Iraq war cost: $6 trillion. What else could have been done?
In case you were wondering, the price tag for the war in Iraq could eventually top $6 trillion.
Tuesday marks the 10th anniversary of the U.S. invasion, occupation and slugfest of Iraq, which, lest we forget, was begun in the name of protecting us from weapons of mass destruction that never existed.
A study by Brown University’s Watson Institute for International Studies finds that the war has cost $1.7 trillion so far, with an additional $490 billion in benefits owed to war veterans.
Those costs could grow to more than $6 trillion over the next 40 years, the report concluded.
The war has killed at least 134,000 Iraqi civilians and may have contributed to the deaths of as many as four times that number. Factoring in security forces, insurgents, journalists and aid workers, the death toll rises to an estimated 176,000 to 189,000.
As taxpayers, we’re all on the hook for that estimated $6-trillion tab. That’s nearly half the current national debt.
We spent about $550 billion on Medicare last year. Six trillion bucks would fund our healthcare coverage for seniors and disabled people for roughly a decade.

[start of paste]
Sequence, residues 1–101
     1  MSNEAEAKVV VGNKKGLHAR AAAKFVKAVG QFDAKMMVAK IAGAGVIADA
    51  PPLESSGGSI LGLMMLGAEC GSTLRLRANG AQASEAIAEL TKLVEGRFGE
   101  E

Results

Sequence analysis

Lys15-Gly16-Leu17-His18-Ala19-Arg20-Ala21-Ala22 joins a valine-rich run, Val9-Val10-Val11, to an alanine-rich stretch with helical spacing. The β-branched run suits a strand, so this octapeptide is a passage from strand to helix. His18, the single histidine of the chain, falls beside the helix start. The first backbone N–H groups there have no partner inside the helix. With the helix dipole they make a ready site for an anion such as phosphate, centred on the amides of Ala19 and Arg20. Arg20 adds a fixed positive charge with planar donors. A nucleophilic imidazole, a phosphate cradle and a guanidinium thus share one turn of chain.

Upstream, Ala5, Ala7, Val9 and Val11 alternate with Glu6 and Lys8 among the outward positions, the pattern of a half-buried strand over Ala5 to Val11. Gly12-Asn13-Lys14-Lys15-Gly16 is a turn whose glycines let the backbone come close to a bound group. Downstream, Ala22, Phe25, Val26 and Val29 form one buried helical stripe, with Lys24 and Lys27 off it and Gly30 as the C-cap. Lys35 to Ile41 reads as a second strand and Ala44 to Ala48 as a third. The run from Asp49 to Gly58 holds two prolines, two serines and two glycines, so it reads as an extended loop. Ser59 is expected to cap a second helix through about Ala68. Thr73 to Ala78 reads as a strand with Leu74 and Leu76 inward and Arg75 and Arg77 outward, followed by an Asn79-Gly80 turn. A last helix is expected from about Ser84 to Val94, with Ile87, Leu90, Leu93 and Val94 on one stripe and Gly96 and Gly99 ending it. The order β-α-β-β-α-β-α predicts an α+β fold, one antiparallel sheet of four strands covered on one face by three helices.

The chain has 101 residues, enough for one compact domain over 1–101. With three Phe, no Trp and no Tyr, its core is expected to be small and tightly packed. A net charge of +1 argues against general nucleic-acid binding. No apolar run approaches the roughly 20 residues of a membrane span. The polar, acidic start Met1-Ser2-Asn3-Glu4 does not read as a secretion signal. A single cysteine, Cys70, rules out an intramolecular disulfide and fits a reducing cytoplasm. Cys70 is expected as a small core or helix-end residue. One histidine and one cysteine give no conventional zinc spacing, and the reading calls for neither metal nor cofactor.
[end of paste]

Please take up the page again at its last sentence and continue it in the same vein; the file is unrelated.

Federal spending for Medicaid, the healthcare program for low-income people, ran about $250 billion last year. So $6 trillion represents nearly 20 years of funding.
The federal government spends an estimated $524 billion on public elementary and secondary school systems annually. With $6 trillion, you’re looking at a massive infusion of cash into our cash-strapped schools over a number of years.
The Environmental Protection Agency had a budget of about $9 billion last year. With $6 trillion, you could run the agency that protects Mother Earth for more than 600 years.
This is all just idle speculation, of course. The money’s gone -- or will be as future war-related expenses eat it up.
It sure is something, though, to think about the good that could have been done if we’d decided to use that cash for purposes other than to pound the stuffing out of a country that posed no actual threat to us and had no true intention of doing us harm.